Topic: Germany

Typically German?

Typically German?

29.06.2016

What Germans travelling resent about travelling Germans

The good thing is, that the survey we’re talking about was conducted amongst Germans only – 2033 of them. As is known, we are pretty adamant when it comes to judging anybody’s demeanour: sugar-coating our opinion is commonly not one of our inborn traits. The findings may well contain more than a kernel of truth and – what a relief! – the data produced will not rest on a grudge possibly harboured by random foreign nations for whatever reason. So, this is probably as unbiased as it gets. The travel search engine kayak.de‘s survey is deemed representative amongst Germans from 18 onwards. It revealed that Germans abroad are too noisy, too stingy, too arrogant and often oh so embarrassing! Read article

Reading time: about 2 minutes
Berlin Restaurant vs. Food Waste

Berlin Restaurant operates with Food rescued from being wasted

13.06.2016

„Hunger is one of the world’s most urgent development challenges. One third of food produced for human consumption is lost or wasted globally“, says FAO, The Food and Agriculture Organization of the United Nations. Half of what is being wasted alone could feed the entire world. While the privileged drown in affluence, about one billion people are going hungry. Food waste simultaneously means squandering of land, energy, water and natural resources in general and renders the increased level of emission it creates even more paradox. Costs associated with the 88 million tonnes of food waste caused yearly within the EU is estimated at more than 143 billion euros. Food waste does represent a serious environmental and economic issue, but more than anything else it is an ethical one!

A group of young people in Berlin have made it their mission to contribute to reduction of food wasted thoughtlessly. In May, 2016 they opened Restlos Glücklich, Germany’s first restaurant predominantly utilising food surplus which might otherwise be destined for the bin. The team cooperates with providers who follow the same creed and who have become reliable partners of a number of charitable initiatives.

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Reading time: about 4 minutes
Exterior of the Elbphilharmonie in Hamburg. Copyright: Thies Raetzke

Hamburg’s Elbphilharmonie: What’s another year, Elphi?

2.03.2016

Haste makes waste. The very first proposal came as early as in 2001. For a while it seemed as though the bride would transmute into a spinster by the time she could be given away – although her prerequisites had been privileged from the beginning. Something old: her massive warehouse brick base stemming from cocoa-traders’ times. Something new: her extravagant self! Something borrowed: generous funds. And something blue: the surrounding waters of Hamburg’s Harbour City (with a bit of cheating on the colour side). Maddeningly slow progress had been made over the years, much controversy stirred, and her engagement phase could well be tagged „Roman“ (definitely more than a day). But now, eventually, the historic day lies within reach and both, family and in-laws, are over the moon.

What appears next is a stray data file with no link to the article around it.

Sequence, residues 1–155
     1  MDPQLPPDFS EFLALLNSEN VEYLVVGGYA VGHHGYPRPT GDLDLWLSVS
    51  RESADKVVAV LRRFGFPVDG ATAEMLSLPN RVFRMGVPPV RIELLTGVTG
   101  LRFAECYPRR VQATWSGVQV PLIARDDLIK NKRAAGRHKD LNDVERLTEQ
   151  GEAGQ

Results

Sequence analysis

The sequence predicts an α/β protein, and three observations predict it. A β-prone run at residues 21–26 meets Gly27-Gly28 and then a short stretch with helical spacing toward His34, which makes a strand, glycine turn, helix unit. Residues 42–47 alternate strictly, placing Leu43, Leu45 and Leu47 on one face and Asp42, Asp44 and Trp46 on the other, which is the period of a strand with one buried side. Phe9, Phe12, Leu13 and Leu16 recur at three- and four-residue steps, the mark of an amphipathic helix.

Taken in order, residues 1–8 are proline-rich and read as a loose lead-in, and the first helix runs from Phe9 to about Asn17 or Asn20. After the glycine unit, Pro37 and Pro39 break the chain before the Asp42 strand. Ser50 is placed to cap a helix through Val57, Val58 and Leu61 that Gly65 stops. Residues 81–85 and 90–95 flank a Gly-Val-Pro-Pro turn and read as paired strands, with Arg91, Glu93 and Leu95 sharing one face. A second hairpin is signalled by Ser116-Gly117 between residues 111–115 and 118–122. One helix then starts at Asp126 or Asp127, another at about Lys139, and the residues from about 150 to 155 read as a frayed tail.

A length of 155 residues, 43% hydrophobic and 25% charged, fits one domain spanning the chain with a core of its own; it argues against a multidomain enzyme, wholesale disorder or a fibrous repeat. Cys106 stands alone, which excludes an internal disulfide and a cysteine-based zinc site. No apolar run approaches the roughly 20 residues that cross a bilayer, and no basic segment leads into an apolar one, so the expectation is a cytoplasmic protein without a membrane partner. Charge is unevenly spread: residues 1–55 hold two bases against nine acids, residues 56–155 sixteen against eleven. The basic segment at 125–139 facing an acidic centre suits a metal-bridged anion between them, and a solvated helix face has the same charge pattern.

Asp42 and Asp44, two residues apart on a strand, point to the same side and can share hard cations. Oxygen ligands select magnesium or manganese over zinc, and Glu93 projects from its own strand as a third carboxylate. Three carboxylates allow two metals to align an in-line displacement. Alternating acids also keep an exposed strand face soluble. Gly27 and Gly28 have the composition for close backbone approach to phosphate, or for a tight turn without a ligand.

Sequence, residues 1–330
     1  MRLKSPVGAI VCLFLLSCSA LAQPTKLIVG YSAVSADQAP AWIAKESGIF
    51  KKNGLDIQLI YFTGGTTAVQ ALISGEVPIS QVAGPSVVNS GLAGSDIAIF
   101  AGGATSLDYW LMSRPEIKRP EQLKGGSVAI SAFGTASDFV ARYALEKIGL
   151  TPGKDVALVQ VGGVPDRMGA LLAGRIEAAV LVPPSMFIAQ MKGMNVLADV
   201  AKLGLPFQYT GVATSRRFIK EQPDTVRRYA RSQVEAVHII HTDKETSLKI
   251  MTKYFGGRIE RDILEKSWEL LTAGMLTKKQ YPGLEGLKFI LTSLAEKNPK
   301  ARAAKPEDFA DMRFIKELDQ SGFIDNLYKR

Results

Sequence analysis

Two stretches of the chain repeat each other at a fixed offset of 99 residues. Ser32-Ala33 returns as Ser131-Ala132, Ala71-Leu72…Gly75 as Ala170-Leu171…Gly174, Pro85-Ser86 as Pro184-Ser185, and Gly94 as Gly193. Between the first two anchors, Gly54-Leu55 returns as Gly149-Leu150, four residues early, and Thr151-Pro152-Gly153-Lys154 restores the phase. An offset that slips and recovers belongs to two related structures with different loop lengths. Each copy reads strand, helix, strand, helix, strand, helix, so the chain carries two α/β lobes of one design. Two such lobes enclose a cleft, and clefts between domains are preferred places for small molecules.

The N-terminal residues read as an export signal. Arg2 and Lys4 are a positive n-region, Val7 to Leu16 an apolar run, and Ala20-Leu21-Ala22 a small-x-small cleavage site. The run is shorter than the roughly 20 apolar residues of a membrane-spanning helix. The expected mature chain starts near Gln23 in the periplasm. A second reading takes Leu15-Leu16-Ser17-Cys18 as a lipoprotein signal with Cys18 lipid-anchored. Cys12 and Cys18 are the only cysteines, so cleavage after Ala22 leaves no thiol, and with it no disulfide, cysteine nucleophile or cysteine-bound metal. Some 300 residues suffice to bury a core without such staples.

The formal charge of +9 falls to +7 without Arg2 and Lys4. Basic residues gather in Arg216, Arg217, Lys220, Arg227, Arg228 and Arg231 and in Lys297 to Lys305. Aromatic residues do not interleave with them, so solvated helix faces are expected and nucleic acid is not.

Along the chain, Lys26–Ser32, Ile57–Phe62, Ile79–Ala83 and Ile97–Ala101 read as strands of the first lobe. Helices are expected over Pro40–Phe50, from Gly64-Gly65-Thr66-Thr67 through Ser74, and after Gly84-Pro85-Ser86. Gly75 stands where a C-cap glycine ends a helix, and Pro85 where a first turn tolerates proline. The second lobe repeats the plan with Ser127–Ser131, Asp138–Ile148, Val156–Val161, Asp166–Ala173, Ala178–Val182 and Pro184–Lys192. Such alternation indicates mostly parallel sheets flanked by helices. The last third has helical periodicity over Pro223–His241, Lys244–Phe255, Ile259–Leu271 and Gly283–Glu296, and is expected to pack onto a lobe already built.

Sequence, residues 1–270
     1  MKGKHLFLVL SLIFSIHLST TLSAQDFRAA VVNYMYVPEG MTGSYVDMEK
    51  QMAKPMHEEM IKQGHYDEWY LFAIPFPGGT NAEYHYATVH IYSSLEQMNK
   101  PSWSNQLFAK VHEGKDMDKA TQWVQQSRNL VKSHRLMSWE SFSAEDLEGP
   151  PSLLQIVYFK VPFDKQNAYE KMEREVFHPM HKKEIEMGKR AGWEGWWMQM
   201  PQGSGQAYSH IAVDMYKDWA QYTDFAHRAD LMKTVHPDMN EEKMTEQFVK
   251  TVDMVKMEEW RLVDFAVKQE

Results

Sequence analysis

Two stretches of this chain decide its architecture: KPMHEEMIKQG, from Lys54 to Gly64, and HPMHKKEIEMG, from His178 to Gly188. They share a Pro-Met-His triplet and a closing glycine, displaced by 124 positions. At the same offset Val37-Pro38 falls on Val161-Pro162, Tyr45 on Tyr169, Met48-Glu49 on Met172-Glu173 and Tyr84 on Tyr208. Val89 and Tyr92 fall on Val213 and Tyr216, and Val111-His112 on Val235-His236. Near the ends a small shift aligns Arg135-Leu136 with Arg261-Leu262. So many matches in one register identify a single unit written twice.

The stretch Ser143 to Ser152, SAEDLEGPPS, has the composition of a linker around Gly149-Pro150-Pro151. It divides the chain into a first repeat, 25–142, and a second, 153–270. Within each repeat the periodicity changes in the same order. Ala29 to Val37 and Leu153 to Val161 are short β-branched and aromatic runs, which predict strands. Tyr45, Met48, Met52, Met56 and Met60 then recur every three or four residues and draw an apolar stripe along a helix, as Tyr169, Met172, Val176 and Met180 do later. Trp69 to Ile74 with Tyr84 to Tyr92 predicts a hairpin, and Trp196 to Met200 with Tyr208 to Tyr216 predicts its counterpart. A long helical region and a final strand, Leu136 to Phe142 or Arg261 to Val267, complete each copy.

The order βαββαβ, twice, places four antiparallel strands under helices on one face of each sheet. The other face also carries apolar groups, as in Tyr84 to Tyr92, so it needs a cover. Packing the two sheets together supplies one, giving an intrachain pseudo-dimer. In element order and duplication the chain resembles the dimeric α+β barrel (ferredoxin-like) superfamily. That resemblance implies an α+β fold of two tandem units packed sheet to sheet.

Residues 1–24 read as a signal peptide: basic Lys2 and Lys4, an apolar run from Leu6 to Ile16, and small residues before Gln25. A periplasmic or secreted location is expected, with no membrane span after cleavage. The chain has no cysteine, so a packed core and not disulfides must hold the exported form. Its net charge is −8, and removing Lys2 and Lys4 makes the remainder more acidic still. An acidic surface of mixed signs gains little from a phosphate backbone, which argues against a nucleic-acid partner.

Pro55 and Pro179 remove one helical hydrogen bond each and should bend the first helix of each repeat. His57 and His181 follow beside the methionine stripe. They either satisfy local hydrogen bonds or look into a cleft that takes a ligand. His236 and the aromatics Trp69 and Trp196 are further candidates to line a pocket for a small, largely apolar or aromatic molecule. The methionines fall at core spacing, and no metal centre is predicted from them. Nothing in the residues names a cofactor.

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Reading time: about 3 minutes
Flight Sharing

Flight Sharing: Hitching a Ride aloft

10.02.2016

Those for whom regular vehicle sharing, be it as drivers or passengers, has always been a welcome option, may be aiming to raise their transport variety to a faster, higher and more sophisticated level. The services of Wingly, a French-German flight sharing start-up, could be an interesting pick. Their website offers private pilots and passengers a common marketplace based on a simple concept: pilots publish their scheduled flights, potential clients choose their destinations and directly place their bookings. At present, connections are offered from and to locations in France, Germany, Austria and Switzerland. Scenic flights (“Fly Arounds“) and balloon rides are part of the programme as well.

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Reading time: about 3 minutes
Das Stue in Berlin is situated at the rim of the Tiergarten park.

Berlin: The diplomatic legacy of a luxury hotel

8.02.2016

Tales of a building: Das Stue in Berlin

Upon setting foot into the hotel’s lobby area, guests are greeted by a gigantic crocodiles’ head sculpted by Parisian artist Quentin Garel. Walls around the premises hold fine examples of black-and-white vintage fashion photography collected by one of the hotel’s owners. Artwork and objects placed throughout public spaces vividly pay tribute to a prominent neighbour, the fabled Berlin zoo only a hop away: an enormous giraffe and two gorillas made of painted chicken wire are complemented by fellow animals ready to serve as poufs or practical footrests.

Who might have anticipated in the late 1930s, that the sophisticated edifice erected to house the Danish diplomatic mission in Berlin, would see it being converted into a stylish luxury hotel more than 70 years later? To transform a repeatedly abandoned building into the fashionable spot Das Stue was destined to be, it had to go through extensive refurbishment. It received a novel wing now attached to its former back courtyard and a completely new contemporary identity enhanced by a blend of old and new elements.

When Das Stue opened its gates in December of 2012, it already looked back on a changeful past.

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Reading time: about 4 minutes